Talk:Script kiddie

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Comments[edit]

The Tactics, Tools and Defense sections all all contain information that is not actually specific to script-kiddies. This stuff belongs in security articles. Oddity- 14:11, 4 January 2007 (UTC)


Would a person who uses programs made by other people not for random destruction, but for certain targets like fps game cheaters or other disturbing people be considered as a script kiddie?

Well I say: each to their own if they want to talk in text type or Leet. You do not have to read it and I don't think it is nice for you to call them wankers as well...

I don't think anyone did, well, not yet. user:sjc

Is it just me, or does this article make being a script kiddie sound like some kind of diagnosable medical condition... Eurleif 05:23 Dec 24, 2002 (UTC)

This page is very poor - the author keeps on talking as if there has been some major study into script kiddies - "social analyses", "history suggests", but provides no info on this (link, title of a study, names...). Seems to be bullshit to me. Cgs

I rather like the author's description. Although it is cold, sometimes sounding as though it is medical in origin, it sure helped me understand what was going on. Granted, the style might serve to slughtly obfuscate things, I enjoy seeing these things from a view not clouded in pop-culture myth and urban legend.

I dont know if this has anything to do with the new "?" marks on the Veritaserum site but it is freaking me out.

"Script kiddies typically hate to be called script kiddies – which is one reason why the term has become popular, as they are frequently looked down upon by crackers." To the average American, that would look as though white people looked down on them. I reworded it. -Josh, October 10, 2005, 8:52 AM EST


Alot of script kiddies dont know they're script kiddie, they incorrectly think they're very skilled hackers. Common behaviour among script kiddies is to be cocky and packet people as soon as slightlest conflict occur.


Not everyone who uses programs made by other people are script kiddies. NMap, John the Ripper, and Ethereal are all examples of programs used by hackers (and crackers). Why reinvent the wheel? Go to defcon and I'm sure you'll find plenty of the celebrities there running programs made by other people. I'm sure they can code what they want themselves... but why waste your time reinventing the wheel?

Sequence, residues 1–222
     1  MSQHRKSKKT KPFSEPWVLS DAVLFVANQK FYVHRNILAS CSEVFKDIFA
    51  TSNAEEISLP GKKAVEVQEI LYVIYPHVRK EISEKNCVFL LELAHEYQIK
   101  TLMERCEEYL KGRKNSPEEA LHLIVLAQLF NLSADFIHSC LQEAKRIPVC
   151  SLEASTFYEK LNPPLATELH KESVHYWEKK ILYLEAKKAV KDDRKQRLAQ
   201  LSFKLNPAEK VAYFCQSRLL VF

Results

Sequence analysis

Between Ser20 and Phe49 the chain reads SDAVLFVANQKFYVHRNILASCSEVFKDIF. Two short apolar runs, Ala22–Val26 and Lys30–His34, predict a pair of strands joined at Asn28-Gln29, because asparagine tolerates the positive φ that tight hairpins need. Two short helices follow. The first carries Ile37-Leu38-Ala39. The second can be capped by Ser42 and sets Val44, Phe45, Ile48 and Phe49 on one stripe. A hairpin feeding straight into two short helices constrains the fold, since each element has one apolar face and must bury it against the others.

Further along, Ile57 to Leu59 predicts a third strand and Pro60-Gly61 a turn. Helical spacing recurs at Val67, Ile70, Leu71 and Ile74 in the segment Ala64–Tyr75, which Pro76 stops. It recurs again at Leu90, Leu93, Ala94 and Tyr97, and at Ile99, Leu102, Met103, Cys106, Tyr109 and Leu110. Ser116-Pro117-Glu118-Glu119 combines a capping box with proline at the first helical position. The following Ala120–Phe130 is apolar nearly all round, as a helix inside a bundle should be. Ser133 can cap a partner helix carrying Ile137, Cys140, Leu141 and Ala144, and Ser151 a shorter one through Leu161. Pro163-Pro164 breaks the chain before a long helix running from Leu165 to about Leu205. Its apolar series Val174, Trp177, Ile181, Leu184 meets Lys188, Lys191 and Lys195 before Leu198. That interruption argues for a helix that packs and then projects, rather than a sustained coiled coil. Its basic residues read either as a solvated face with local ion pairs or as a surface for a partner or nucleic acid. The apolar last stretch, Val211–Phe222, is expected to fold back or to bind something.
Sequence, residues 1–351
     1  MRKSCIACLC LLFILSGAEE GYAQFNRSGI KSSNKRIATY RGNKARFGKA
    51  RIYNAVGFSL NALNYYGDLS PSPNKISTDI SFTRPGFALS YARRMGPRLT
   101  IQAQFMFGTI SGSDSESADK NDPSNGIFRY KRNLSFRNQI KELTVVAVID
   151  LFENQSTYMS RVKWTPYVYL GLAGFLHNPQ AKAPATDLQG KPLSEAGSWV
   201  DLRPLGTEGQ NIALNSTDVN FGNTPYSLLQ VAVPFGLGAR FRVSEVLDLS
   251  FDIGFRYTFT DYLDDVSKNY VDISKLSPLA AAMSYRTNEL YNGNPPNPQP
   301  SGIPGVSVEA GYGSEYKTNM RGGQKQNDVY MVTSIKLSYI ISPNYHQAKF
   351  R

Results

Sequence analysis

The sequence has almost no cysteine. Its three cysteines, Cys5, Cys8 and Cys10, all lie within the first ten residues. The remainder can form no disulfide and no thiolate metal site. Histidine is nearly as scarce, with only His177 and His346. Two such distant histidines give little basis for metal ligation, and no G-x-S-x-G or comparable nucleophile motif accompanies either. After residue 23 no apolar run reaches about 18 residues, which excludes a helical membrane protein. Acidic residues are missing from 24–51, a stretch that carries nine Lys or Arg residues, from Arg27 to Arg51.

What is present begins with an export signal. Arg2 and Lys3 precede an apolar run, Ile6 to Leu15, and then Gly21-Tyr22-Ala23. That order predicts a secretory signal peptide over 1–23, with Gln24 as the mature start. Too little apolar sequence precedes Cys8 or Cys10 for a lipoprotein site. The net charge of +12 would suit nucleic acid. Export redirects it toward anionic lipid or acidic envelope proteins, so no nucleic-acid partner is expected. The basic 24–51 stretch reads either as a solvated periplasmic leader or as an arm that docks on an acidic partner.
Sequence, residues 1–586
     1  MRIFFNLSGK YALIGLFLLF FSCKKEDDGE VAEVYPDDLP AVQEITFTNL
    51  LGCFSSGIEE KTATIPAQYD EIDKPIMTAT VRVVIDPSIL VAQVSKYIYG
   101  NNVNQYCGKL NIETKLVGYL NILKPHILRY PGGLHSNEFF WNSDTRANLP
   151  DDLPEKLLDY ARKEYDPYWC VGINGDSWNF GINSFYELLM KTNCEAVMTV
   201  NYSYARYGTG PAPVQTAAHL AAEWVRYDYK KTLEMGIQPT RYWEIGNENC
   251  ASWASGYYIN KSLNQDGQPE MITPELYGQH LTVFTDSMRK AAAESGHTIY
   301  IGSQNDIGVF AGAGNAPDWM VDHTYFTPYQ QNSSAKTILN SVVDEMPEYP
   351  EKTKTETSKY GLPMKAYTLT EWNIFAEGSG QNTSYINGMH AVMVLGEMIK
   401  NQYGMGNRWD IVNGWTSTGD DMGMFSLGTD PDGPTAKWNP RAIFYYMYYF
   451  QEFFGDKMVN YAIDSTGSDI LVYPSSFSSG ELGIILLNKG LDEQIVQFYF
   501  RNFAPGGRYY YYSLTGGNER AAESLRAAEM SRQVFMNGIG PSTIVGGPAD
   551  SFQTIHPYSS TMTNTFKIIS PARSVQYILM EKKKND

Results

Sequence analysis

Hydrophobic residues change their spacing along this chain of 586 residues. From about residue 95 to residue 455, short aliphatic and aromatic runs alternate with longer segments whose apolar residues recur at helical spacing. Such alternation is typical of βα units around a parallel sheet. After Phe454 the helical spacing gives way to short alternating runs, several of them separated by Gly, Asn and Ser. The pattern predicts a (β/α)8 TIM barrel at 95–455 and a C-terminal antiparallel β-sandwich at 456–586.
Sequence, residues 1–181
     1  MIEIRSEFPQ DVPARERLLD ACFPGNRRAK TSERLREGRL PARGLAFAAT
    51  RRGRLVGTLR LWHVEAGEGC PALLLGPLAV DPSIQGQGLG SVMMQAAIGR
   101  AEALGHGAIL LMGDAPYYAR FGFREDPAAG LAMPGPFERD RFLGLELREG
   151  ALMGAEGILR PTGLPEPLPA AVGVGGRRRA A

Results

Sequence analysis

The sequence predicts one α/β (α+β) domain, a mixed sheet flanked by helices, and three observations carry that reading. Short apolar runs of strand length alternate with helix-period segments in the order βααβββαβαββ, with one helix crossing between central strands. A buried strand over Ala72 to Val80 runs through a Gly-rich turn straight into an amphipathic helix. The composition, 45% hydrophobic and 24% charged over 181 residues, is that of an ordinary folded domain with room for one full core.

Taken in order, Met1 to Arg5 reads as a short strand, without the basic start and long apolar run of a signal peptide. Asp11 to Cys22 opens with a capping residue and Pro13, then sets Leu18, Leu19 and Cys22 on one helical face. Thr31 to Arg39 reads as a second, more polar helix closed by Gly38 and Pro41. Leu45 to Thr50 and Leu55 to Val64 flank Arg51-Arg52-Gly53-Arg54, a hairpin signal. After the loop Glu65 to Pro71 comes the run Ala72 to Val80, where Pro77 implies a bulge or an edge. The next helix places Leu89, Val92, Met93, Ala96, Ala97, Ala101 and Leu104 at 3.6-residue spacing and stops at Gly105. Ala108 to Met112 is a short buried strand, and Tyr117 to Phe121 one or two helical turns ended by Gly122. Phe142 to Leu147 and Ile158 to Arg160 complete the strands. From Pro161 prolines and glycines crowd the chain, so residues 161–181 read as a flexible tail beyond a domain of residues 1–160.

Lots of hackers/crackers hack/crack because they're curious. The most famous example I can think of is Kevin Mitnick. He wasn't what I'd call a script kiddy... and a lot of what he did was just because of curiosity. I'm sure Linus Travold was curious about a number of things... now thanks to him we have the Linux operating system.


The really funny thing about this is the fact that a lot of hackers use other's tools. Most little kids that are actual script kiddies (skids) think they are "l33t h4x0rs" because they can use an SQLi Helper or something along those lines to do the work for them. I for one, can't stand little kids like that. I began hacking in 2006 and that was just SQLi. I had no coding experience and the most I could do was break into a Windows XP based PC. Now I know a few programming languages including: C, C++, Java, PHP, HTML5, Javascript, and basic XML. I no longer consider myself as one of the little "Skids." The bottom line is, this article doesn't do justice to the true definition of a "Script kiddie" or "Skid." - MagiiKz — Preceding unsigned comment added by 173.146.199.188 (talk) 01:48, 25 April 2012 (UTC)

this is an incorrect page![edit]

Many of the things on this page confuse script kiddies with Black hat hackers! --Xer0X

Is there a relation between mIRC scripts and script kiddies?

That's like saying Is there a relation between latex gloves and criminals? Well, I'm sure many criminals have used latex gloves in the past to aid them in their crimes, but they are used by a lot of different people for a lot of different things. Script-kiddies who use IRC usually have mIRC scripts -- but most people who use mIRC scripts aren't necessarily script-kiddies. Oddity- 23:22, 27 May 2007 (UTC)

I started hearing the term script kid in IRC (Undernet, circa 1997), so I always associated it to kids who had mIRC war scripts, who used flood attacks, channel overtake and ICMP spoofing tools. Most of them were integrated with mIRC via those war scripts.

In this article the script term seems biased to Unix scripts/exploits, which I regard as being part of the more knowledgeable and underground cracking scene...

So, what type of scripts really does the term script kid refer to?

It used to refer to Unix scripts. Oddity- 23:22, 27 May 2007 (UTC)